This project aims to develop theoretical methods for the study of physical systems driven by regular and stochastic fields. The systems driven by regular fields are modelled by an over-damped particle or a chain of under-damped particles that interact also with random or ratchet potentials and with constant or alternating external force fields. Such model systems represent numerous physical systems far from equilibrium and adequately describe their evolution. The main objectives of this part of the investigation are to formulate an appropriate thermodynamic theory of deterministically driven systems and to study the features of chaotic transport and current reversal in deterministic ratchets, which arise from inter-particle interactions. To achieve these goals, a concept of the system effective temperature and a criterion for chaotic transport will be developed.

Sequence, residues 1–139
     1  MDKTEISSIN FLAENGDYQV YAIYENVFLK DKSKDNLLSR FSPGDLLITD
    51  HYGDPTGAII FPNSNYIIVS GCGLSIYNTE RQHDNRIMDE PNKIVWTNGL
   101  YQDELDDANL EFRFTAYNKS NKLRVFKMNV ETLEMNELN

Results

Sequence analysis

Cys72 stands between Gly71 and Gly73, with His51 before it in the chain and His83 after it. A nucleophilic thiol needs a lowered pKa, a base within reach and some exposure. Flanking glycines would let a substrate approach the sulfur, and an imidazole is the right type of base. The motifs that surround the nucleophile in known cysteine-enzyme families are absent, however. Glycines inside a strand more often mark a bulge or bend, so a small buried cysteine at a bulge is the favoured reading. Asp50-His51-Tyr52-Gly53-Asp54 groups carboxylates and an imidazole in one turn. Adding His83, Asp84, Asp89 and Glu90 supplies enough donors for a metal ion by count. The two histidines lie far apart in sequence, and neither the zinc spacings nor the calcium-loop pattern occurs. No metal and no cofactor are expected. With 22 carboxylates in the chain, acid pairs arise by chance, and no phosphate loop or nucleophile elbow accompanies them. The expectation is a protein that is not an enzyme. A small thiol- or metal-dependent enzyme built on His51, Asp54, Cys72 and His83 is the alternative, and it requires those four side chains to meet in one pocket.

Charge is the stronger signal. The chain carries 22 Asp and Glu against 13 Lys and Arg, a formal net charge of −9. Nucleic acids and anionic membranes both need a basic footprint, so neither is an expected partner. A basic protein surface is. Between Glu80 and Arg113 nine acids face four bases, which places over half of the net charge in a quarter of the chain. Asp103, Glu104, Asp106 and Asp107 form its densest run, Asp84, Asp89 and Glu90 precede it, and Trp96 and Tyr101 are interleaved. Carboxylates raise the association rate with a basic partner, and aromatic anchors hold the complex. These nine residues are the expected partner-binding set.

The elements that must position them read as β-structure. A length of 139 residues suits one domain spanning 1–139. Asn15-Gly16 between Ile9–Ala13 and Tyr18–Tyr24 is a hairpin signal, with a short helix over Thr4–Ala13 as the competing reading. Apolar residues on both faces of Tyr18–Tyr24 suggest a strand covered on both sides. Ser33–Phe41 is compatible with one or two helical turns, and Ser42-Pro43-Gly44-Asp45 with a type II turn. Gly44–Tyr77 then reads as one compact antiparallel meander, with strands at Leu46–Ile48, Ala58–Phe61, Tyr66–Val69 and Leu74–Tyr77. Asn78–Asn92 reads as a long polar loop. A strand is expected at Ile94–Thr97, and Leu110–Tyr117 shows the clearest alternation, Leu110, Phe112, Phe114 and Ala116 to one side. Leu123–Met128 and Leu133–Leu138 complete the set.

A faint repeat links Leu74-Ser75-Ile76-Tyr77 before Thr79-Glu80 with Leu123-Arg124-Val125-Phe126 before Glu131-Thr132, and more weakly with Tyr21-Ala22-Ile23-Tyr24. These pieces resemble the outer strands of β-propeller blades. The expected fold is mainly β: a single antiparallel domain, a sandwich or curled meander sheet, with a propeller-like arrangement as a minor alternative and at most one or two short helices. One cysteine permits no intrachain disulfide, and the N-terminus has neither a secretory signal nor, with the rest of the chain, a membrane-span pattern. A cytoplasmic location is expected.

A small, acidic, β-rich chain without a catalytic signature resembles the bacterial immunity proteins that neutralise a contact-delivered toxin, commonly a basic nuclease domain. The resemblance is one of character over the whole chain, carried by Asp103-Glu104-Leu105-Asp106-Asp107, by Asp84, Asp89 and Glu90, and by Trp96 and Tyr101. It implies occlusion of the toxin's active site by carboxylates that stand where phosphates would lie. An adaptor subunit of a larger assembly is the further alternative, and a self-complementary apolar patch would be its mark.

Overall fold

The stochastically driven systems considered in the project include two-dimensional ensembles of dipolar interacting magnetic nanoparticles driven by thermal fluctuations, and model systems driven by multiplicative Levy white noise. To describe the magnetic relaxation in nanoparticle ensembles, a novel, two-step mean-field approximation scheme will be developed that operates with two different mean fields and takes into account the correlation effects, in contrast to the conventional mean-field approximation. To describe the statistical properties of noisy systems with strong fluctuations, a new class of Langevin equations with multiplicative Levy white noise will be introduced and the corresponding generalized Fokker-Planck equation will be derived and solved for particular cases. The methods developed during the project will be applied to the study of the steady-state properties of disordered ionic chains driven by an alternating electric field, chaotic transport of interacting charged particles, thermally activated magnetic relaxation in nanoparticle ensembles, and anomalous phenomena in noisy systems.
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